Denver Bone Cement Lawsuit Lawyers
Polymethyl methacrylate, also known as bone cement, is commonly used in joint replacement procedures, including hip, knee, shoulder, and elbow replacement. It works by fastening a prosthetic to the patient’s bones. The cement functions as a filler agent to hold the implant snugly against the bone. It must be carefully prepared by medical providers to ensure the correct consistency for the procedure. Once inserted, bone cement eventually hardens over the implant to hold it securely in place.
Serious complications can develop when bone cement is used in joint replacement procedures, including:
- Aseptic loosening: This condition can occur with fragmentation of bone cement, or when the bond to the bone is disconnected. The implant becomes loose and wobbly, which can lead to swelling in the joint, poor range of motion, and chronic pain. When aseptic loosening occurs, revision surgery is required to correct the problem.
- Cement leakage: There have been instances of bone cement used in joint replacement procedures leaking into surrounding tissue, veins, and nerves. In a recent study, a patient’s chest pain was discovered to be caused by four inches of bone cement that had somehow found its way into his heart, as reported by Science Times. A week before this patient was admitted to the hospital for chest pain and difficulty breathing, he had undergone a spinal procedure in which bone cement was injected into certain areas of his spine to treat a vertebral compression fracture.
- Bone Cement Implantation Syndrome (BCIS): This life-threatening condition can occur shortly after bone cement is applied at the surgical site. It involves bone marrow, fat, and bone cement entering the bloodstream and restricting blood flow in the arteries. Symptoms of BCIS may include oxygen deprivation, blood clots, low blood pressure, loss of consciousness, pulmonary vascular resistance, cardiac arrhythmia, and cardiac arrest.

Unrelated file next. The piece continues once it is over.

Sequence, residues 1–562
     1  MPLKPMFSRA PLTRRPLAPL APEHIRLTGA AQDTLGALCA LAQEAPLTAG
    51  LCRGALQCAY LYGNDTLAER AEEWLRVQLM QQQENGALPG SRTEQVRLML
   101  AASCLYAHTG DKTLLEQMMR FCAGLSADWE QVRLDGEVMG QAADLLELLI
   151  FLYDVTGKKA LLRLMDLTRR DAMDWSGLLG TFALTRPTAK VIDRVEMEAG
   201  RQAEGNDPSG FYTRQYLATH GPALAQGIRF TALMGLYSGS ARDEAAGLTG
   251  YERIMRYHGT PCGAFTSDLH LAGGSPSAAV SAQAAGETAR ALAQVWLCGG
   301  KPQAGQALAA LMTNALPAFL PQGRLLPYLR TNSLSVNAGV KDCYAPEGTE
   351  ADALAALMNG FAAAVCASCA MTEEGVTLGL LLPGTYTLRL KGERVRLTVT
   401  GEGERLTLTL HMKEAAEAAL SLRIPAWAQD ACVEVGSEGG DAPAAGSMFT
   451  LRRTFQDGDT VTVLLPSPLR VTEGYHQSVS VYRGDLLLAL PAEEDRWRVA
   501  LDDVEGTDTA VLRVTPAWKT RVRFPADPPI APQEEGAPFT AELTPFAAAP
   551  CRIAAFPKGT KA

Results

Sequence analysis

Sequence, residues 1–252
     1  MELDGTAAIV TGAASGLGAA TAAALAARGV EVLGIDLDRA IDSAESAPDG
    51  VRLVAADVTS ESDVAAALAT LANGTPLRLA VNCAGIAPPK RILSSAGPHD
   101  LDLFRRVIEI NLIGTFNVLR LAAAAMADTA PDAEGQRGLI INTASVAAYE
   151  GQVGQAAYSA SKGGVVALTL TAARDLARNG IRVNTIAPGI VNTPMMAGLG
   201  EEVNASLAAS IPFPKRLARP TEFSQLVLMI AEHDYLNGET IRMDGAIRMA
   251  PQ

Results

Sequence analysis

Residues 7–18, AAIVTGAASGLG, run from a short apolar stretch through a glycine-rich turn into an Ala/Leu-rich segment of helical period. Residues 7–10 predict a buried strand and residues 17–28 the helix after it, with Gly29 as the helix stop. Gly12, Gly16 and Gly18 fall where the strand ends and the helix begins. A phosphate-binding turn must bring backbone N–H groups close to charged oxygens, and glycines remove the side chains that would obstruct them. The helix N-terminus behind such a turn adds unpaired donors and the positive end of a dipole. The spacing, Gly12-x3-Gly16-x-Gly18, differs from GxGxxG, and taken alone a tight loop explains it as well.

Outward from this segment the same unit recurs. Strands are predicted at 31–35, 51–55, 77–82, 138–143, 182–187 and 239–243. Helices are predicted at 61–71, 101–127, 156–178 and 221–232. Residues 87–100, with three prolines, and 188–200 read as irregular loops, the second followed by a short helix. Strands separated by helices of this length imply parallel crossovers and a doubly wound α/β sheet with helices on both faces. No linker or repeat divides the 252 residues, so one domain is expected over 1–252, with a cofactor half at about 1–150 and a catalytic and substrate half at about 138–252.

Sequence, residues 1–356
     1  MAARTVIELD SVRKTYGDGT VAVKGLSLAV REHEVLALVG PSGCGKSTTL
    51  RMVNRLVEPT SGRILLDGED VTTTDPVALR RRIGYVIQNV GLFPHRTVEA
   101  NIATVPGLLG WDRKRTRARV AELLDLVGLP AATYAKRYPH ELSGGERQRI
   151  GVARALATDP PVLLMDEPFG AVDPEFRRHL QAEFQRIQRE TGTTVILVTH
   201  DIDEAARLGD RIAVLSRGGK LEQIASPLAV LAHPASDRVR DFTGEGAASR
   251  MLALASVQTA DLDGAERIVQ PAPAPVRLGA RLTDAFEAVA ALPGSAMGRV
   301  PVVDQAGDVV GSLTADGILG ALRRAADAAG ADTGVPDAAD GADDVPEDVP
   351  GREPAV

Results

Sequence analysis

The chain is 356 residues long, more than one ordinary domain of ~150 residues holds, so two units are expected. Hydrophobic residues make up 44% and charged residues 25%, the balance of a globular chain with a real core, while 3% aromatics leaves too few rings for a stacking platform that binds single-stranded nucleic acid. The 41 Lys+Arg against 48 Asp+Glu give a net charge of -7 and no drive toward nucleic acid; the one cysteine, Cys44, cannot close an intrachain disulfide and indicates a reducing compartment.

A guidance document for the use of bone cement was issued by the U.S. Food and Drug Administration (FDA). In this publication, the agency warns of serious health risks associated with bone cement and provides guidelines for measures to be taken by medical professionals to mitigate these risks. Bone cement health risks identified by the FDA include:
- Infection and fever
- Problems with setting the cement
- Loosening or migration of the device
- Adverse tissue reaction
- Pain and/or loss of function
- Revision surgery
In addition to FDA warnings, a report on the occurrence of BCIS was published in the British Medical Journals (BMJ). Researchers found a high incidence of death or severe harm associated with the use of bone cement in hip replacement surgery – one in 2,900.
Doctors and healthcare providers can be held liable for medical negligence that causes harm to a patient. Negligence occurs when the treatment provided falls below the standard of care – the level at which similarly qualified practitioners would have managed the patient’s care under the same or similar circumstances. A manufacturer may be held responsible in a product liability claim if injury to the patient was caused by a defect in the bone cement itself.
If you have been injured through negligence in a procedure in which bone cement was used, you may be entitled to recover compensation. Damages may include your medical expenses, lost wages, loss of earning capacity, pain and suffering, emotional distress, and other losses. Contact Leventhal Puga Braley P.C. at (303) 759-9945 or toll-free at (877) 433-3906. We can tell you if you have a case and what damages you may be entitled to claim.